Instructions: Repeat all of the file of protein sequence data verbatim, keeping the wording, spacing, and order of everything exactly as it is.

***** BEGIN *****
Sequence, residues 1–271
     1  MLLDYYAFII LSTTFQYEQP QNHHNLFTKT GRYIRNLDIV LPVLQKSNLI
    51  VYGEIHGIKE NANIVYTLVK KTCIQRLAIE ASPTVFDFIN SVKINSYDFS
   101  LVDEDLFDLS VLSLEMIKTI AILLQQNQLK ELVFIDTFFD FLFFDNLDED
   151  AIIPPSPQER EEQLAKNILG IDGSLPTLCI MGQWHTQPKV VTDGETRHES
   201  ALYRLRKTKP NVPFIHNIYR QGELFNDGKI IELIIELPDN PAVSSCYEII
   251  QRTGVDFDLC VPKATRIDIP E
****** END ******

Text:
Sequence, residues 1–271
     1  MLLDYYAFII LSTTFQYEQP QNHHNLFTKT GRYIRNLDIV LPVLQKSNLI
    51  VYGEIHGIKE NANIVYTLVK KTCIQRLAIE ASPTVFDFIN SVKINSYDFS
   101  LVDEDLFDLS VLSLEMIKTI AILLQQNQLK ELVFIDTFFD FLFFDNLDED
   151  AIIPPSPQER EEQLAKNILG IDGSLPTLCI MGQWHTQPKV VTDGETRHES
   201  ALYRLRKTKP NVPFIHNIYR QGELFNDGKI IELIIELPDN PAVSSCYEII
   251  QRTGVDFDLC VPKATRIDIP E